Five Pacific islands have just disappeared, thanks to rising oceans. The islands are—or were—a part of the Solomon Islands, located around 1,000 miles off Australia, and were uninhabited by humans. However, the same rising sea levels have washed away huge chunks of other inhabited islands, forcing the residents to move and destroying an established village.
The study is the first scientific evidence that climate change and sea-level rise are sweeping away the low-lying islands of the Pacific, confirming numerous anecdotal accounts. The evidence comes from studying aerial and satellite imagery from 1947 to 2014. This was combined with local knowledge to identify any missing islands. The researchers have found that five vegetated islands—not just hunks of rock—have have been completely eroded and submerged, and six more have experienced severe shoreline erosion.
"Shoreline recession at two sites has destroyed villages that have existed since at least 1935, leading to community relocations. Rates of shoreline recession are substantially higher in areas exposed to high wave energy, indicating a synergistic interaction between sea-level rise and waves," says the report, published in Environmental Research Letters, says.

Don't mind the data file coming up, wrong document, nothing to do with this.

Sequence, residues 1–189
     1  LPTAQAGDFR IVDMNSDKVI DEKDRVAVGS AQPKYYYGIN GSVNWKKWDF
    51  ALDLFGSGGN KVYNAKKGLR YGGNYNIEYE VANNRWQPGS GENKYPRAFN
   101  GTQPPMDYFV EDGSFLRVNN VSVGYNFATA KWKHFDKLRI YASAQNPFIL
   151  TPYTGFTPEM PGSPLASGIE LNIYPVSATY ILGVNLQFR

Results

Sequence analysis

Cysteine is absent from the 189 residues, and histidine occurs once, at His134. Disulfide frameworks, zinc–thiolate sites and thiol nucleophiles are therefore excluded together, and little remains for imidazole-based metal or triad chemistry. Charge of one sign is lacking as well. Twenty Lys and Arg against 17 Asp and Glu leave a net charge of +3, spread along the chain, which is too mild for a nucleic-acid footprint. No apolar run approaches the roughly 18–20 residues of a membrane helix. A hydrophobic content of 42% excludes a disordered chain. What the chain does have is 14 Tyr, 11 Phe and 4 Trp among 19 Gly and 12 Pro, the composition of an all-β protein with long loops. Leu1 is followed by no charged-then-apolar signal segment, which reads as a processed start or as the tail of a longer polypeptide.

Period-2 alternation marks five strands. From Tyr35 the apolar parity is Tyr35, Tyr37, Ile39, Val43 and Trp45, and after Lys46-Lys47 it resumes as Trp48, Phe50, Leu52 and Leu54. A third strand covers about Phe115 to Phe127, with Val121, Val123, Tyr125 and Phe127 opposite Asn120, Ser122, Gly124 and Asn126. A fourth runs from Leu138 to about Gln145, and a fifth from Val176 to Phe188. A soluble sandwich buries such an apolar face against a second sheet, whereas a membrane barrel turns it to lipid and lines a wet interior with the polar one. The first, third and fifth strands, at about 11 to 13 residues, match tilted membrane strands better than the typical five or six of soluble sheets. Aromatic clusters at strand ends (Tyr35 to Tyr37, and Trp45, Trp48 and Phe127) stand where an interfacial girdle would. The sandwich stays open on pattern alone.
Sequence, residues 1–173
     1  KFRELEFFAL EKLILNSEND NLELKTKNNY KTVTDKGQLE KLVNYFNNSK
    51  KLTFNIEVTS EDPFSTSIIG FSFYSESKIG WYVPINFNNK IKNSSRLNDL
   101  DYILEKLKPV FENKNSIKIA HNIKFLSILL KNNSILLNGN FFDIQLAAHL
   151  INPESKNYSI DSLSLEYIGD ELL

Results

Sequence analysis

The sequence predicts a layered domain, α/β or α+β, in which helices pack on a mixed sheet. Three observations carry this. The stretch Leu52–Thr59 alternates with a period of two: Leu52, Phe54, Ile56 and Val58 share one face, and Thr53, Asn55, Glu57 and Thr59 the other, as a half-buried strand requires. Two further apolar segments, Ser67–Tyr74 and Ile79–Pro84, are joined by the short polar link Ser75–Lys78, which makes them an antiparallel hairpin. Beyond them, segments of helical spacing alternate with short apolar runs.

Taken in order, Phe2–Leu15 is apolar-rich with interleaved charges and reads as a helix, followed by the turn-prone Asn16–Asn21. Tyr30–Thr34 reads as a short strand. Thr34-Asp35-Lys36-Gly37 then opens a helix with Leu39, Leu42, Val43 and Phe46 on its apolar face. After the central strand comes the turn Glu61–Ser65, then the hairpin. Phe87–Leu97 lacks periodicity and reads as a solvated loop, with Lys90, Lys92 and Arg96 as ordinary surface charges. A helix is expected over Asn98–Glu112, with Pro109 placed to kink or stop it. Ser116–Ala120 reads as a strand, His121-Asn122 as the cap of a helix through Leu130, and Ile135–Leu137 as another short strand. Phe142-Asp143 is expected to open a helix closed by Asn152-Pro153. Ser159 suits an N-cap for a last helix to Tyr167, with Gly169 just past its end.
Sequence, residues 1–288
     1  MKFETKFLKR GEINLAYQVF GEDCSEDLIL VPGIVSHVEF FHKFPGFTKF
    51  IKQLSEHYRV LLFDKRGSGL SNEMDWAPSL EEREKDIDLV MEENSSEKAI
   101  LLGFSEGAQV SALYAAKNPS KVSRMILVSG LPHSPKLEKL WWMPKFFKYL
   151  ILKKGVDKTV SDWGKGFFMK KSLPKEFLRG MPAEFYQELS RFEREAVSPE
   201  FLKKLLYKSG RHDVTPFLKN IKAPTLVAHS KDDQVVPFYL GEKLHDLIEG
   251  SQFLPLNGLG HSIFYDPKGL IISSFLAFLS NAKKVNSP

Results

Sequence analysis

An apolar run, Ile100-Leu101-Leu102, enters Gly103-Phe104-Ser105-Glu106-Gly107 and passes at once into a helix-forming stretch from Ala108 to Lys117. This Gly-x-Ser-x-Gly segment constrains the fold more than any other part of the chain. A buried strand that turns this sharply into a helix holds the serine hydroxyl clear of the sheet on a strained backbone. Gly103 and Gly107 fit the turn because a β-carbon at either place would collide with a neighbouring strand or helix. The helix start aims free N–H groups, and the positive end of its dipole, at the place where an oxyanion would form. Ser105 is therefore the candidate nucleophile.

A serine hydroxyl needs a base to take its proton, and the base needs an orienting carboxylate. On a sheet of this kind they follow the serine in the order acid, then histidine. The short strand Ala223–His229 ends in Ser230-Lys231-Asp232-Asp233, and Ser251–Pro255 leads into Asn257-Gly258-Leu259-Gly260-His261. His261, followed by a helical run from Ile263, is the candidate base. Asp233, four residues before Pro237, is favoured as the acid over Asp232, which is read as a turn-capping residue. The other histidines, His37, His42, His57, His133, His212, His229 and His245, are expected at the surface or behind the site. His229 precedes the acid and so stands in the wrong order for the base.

The islands that gradually sank over the years ranged in size from three to 12 acres. Four of them were gone by 2002, with the final and largest island, named Kale, succumbing in 2014. Of the inhabited islands, the least-affected has lost 20% of its area, and the worst-affected, 62% of its area.
The changes can creep up, but disaster can also occur suddenly. Nuatambu, which has lost half of itself to the sea since 1947 then experienced severe coastal loss between 2011 and 2014, resulting in ten houses destroyed.
The sea-level rise in the area, which is a global "hotspot," according to the authors, averaged 3 millimeters per year since 1950, rising to 7-10mm per year since 1994. That’s bad enough, but the real problems come from the interactions between the rising levels, tidal patterns, and wind. Scientists might be able to make a stab at predicting sea-level changes, but not their complex interactions with changing weather systems. And those are the kinds of changes that can lead to such sudden disappearances of land, not just in the remote islands of Pacific archipelagoes, but on the coasts of the continents themselves.